During the Middle Ages, many peasant farmers became serfs either through necessity or force (Hilton, 3). Serfdom was a system whereby farmers tilled the lands of their lords and in return they received justice, protection, and the right to cultivate some fields for their own subsistence use (Domar, 44). Serfs could be bought, traded and sold but unlike slaves, there were some limitations. They could only be sold together with the land. In short, a serf was bound to a hereditary plot of land, and to the will or instructions of his landlord (Hilton, 7). Therefore, it was some sort of debt bondage, where the peasant was indebted to the feudal landlord, and therefore had to discharge some duties to enjoy the privileges and protection of their lord. The serf had to give part of his grain to the landlord. In other instances, the landlord compelled the serf to part with a portion of the cultivated crops (Hilton, 8).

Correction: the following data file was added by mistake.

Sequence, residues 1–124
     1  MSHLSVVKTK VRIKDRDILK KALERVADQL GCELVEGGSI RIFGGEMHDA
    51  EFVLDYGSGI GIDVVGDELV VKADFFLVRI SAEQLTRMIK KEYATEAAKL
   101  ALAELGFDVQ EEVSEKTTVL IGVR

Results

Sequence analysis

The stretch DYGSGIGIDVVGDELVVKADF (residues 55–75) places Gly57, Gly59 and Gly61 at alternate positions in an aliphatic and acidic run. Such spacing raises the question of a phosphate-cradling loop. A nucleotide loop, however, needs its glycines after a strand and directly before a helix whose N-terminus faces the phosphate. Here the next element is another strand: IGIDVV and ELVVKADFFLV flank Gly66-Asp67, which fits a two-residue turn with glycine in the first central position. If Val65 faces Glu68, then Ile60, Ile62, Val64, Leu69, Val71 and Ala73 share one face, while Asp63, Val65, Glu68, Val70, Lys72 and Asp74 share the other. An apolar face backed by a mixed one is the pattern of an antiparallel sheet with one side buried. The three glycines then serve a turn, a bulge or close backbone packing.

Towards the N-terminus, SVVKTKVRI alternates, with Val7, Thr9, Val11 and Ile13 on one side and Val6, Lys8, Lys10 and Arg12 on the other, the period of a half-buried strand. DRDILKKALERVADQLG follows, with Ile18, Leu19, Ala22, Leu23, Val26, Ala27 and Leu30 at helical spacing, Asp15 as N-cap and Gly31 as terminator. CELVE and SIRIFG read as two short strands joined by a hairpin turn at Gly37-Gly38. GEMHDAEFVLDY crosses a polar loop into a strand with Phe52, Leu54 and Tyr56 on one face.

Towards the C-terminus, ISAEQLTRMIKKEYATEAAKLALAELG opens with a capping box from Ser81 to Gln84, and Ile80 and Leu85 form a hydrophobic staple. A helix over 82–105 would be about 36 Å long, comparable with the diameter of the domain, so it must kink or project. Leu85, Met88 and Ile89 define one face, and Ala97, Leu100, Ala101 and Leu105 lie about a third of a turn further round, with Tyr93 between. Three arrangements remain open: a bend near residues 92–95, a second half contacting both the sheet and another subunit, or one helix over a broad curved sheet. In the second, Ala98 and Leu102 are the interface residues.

In most cases serfs were harshly treated, and lacked the liberty and freedom enjoyed by freedmen. This includes lack of freedom of movement, not able to move without the permission of the lord, and only marrying after the approval of their landlord (Domar, 51). Therefore, they could only gain freedom through escape, manumission, or enfranchisement. Furthermore, serfs who participated in combat as soldiers and showed bravery or valor could be given freedom. Also, serfs could purchase their freedom by working enough and saving to enable them pay for their freedom. Lastly, generous owners were touched by kindness could voluntarily decide to grant freedom to their workers after many years of dedicated service (Domar, 55).
Domar, Evsey D. "The causes of slavery or serfdom: a hypothesis." Critical Readings on Global
Slavery. Brill, 2017. 43-57.
Hilton, Rodney Howard. The decline of serfdom in medieval England. Springer, 2016.